From:                     on behalf of Saint John Vianney Parish <>

Sent:                               Friday, March 26, 2021 10:09 AM

To:                                   Cathy Berger

Subject:                          Palm Sunday of the Lord's Passion - March 28th 2021


St. John Vianney 105 Vianney Lane Prince Frederick MD 20678 410-535-0223 (Office) 410-535-4395 (Rel Ed) 410-414-9099 (FLC) 410-286-1944 (Food Pantry) Dear Brothers and Sisters, Because we are still dealing with...







St. John Vianney

105 Vianney Lane

Prince Frederick MD 20678


410-535-0223 (Office)

410-535-4395 (Rel Ed)

410-414-9099 (FLC)

410-286-1944 (Food Pantry)












Dear Brothers and Sisters,


Because we are still dealing with restrictions in the world of the pandemic, I want to begin with a reminder about signing up for Easter Masses. We need to do this now more than ever. Our seating is still limited due to distancing requirements. When you sign up you help us to plan for individual Masses, and also help prevent overcrowding.










As you know, each week this flock note has been dedicated to a commentary on the readings for Sunday. Since this week the reading is the Passion, and I personally believe it should stand alone. It preaches itself. I was left with a bit of a dilemma. What do I offer for Passion Sunday? Then I remembered that I had a piece in my files that would work as a meditation on the Passion of Our Lord.


So, as we come now to the great events of the death of Our Lord, I offer you as a meditation for Holy Week a bit of historical fiction.  This little piece I call the “Coroner’s Report.”  In actuality, ancient Romans and Jews never had such people to investigate a death.  To the best of my knowledge, medical forensic investigations are fairly modern. The terminology used in this piece reflect our contemporary notions, but they are placed in the historical setting of the first century. Next week, for Easter Sunday, I’ll offer a follow-up on this week’s reflection.


The Coroner's Report

Execution of the accused took place shortly after midday. The exact time of death was not immediate because the accused was put to death following the Roman custom of crucifixion. Those condemned to this form of execution are seen by the authorities to be the worst form of social malcontents.  Since the time of their slave rebellion under Spartacus in the last century, this form of execution has been used to eliminate, in a slow and agonizing death, any non-citizen who was seen to be a threat to state security.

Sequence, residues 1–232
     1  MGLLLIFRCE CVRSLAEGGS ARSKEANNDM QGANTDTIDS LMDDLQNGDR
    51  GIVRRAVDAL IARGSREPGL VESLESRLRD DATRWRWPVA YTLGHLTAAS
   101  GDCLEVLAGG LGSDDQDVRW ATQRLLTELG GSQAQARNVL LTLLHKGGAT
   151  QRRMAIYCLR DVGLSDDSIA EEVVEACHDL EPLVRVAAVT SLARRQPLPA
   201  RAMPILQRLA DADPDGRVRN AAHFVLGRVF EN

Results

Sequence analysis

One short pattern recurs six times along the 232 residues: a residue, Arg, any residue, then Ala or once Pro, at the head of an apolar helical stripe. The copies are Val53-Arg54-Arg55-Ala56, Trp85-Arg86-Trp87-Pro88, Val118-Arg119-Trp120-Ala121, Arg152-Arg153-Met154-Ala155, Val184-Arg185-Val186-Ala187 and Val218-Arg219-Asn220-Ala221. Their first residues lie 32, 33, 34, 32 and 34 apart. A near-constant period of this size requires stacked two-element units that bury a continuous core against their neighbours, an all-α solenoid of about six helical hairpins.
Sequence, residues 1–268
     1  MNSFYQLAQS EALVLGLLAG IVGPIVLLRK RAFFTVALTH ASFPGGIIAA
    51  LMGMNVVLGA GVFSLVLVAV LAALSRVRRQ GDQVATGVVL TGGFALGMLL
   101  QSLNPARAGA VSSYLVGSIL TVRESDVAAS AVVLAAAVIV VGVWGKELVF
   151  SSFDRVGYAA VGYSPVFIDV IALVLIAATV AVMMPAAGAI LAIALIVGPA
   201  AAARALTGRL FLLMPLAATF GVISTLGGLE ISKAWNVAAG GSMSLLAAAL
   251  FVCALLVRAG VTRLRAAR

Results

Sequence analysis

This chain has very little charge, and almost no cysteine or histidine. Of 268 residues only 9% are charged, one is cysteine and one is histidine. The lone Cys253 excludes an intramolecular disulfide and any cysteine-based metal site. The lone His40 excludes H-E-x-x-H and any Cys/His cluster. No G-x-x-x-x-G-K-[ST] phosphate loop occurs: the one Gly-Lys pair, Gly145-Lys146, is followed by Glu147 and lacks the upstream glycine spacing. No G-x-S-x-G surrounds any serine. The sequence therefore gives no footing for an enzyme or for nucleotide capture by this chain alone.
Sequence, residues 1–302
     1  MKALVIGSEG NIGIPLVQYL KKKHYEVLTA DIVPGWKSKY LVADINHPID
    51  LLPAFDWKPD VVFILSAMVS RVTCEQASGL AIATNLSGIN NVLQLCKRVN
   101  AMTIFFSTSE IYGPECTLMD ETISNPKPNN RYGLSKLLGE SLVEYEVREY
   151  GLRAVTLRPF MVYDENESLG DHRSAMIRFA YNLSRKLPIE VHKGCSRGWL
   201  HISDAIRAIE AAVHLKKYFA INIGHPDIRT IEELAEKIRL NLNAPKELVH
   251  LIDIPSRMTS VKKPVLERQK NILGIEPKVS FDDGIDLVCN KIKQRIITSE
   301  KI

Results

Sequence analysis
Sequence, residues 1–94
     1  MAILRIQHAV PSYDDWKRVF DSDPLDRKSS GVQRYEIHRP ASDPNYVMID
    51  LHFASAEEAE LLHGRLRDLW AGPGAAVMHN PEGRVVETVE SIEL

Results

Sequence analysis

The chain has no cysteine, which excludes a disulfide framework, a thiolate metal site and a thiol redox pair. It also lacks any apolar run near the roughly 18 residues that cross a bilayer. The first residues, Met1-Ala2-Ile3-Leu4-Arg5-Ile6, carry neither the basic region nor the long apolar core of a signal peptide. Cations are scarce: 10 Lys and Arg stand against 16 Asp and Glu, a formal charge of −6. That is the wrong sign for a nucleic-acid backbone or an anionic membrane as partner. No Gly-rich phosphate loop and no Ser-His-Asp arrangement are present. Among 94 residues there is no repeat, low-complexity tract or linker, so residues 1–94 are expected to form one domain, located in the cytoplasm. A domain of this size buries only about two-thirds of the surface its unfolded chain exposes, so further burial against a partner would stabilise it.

This is why the accused did not meet his end immediately. What is somewhat remarkable though is the fact that his death took only about three hours. Many times, death by crucifixion takes considerably longer, even days. In this case, due to the fact that he was tortured by the lash -- according to guards he was given 39 stripes -- and given the fact that he was severely mistreated, beaten, and made to carry his own cross, it is understandable, again due to his weakened condition that he survived on the cross for about three hours.  


What is also good to note is that this crucifixion was carried out in what can only be called a severe fashion. Rather than simply tying the accused to the cross and waiting for him to eventually suffocate, this prisoner was nailed to his cross. Some may argue that this form of crucifixion is more lenient because it brings about a loss of blood that causes the accused to weaken faster and thus die more quickly. Such arguments though seem strained when one considers the degree of pain involved. The prisoner, while fighting for life, must not only deal with physical weakness, but must also bear the trauma of torn flesh and broken bones.